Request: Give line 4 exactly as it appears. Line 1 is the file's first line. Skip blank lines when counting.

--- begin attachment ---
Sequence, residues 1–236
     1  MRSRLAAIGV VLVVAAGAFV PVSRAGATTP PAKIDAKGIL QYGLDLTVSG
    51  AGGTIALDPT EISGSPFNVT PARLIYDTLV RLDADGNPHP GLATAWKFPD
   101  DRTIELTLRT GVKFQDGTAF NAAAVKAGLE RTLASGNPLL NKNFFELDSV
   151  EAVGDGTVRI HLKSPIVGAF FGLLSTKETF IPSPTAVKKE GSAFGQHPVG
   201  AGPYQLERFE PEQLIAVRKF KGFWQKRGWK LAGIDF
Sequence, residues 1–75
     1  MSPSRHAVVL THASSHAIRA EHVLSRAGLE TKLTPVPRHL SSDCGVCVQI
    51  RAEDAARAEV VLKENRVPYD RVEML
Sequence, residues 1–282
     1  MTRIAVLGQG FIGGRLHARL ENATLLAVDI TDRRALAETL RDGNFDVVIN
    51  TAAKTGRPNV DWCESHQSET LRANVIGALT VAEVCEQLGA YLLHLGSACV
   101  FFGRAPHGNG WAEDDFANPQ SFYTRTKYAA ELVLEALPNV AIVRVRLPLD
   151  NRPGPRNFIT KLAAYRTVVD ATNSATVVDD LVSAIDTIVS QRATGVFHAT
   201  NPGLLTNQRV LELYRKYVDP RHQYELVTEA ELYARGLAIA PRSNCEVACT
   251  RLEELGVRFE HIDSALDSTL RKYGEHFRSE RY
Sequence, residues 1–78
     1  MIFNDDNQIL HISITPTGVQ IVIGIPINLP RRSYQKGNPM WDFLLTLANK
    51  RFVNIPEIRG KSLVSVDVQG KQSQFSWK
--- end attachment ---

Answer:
   101  DRTIELTLRT GVKFQDGTAF NAAAVKAGLE RTLASGNPLL NKNFFELDSV